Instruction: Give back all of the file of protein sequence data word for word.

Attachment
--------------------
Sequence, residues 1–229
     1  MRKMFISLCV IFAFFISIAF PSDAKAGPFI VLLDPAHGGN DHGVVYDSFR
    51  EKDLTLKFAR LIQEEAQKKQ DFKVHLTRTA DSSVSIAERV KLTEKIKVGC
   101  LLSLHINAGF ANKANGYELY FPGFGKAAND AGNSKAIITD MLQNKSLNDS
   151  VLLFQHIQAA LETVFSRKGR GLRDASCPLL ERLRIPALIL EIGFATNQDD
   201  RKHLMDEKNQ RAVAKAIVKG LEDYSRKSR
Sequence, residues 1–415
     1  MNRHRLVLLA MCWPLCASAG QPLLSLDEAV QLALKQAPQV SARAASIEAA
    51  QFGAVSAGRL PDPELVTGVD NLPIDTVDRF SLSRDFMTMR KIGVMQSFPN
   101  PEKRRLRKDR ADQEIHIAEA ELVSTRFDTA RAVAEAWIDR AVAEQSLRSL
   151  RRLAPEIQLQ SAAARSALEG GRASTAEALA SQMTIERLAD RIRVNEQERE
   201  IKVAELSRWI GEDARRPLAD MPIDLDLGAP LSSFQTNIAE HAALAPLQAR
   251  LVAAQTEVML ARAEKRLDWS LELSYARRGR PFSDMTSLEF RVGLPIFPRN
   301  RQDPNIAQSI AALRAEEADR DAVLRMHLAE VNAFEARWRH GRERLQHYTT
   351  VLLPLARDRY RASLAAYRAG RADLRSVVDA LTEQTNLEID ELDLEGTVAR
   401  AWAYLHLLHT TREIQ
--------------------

Sequence, residues 1–229
     1  MRKMFISLCV IFAFFISIAF PSDAKAGPFI VLLDPAHGGN DHGVVYDSFR
    51  EKDLTLKFAR LIQEEAQKKQ DFKVHLTRTA DSSVSIAERV KLTEKIKVGC
   101  LLSLHINAGF ANKANGYELY FPGFGKAAND AGNSKAIITD MLQNKSLNDS
   151  VLLFQHIQAA LETVFSRKGR GLRDASCPLL ERLRIPALIL EIGFATNQDD
   201  RKHLMDEKNQ RAVAKAIVKG LEDYSRKSR
Sequence, residues 1–415
     1  MNRHRLVLLA MCWPLCASAG QPLLSLDEAV QLALKQAPQV SARAASIEAA
    51  QFGAVSAGRL PDPELVTGVD NLPIDTVDRF SLSRDFMTMR KIGVMQSFPN
   101  PEKRRLRKDR ADQEIHIAEA ELVSTRFDTA RAVAEAWIDR AVAEQSLRSL
   151  RRLAPEIQLQ SAAARSALEG GRASTAEALA SQMTIERLAD RIRVNEQERE
   201  IKVAELSRWI GEDARRPLAD MPIDLDLGAP LSSFQTNIAE HAALAPLQAR
   251  LVAAQTEVML ARAEKRLDWS LELSYARRGR PFSDMTSLEF RVGLPIFPRN
   301  RQDPNIAQSI AALRAEEADR DAVLRMHLAE VNAFEARWRH GRERLQHYTT
   351  VLLPLARDRY RASLAAYRAG RADLRSVVDA LTEQTNLEID ELDLEGTVAR
   401  AWAYLHLLHT TREIQ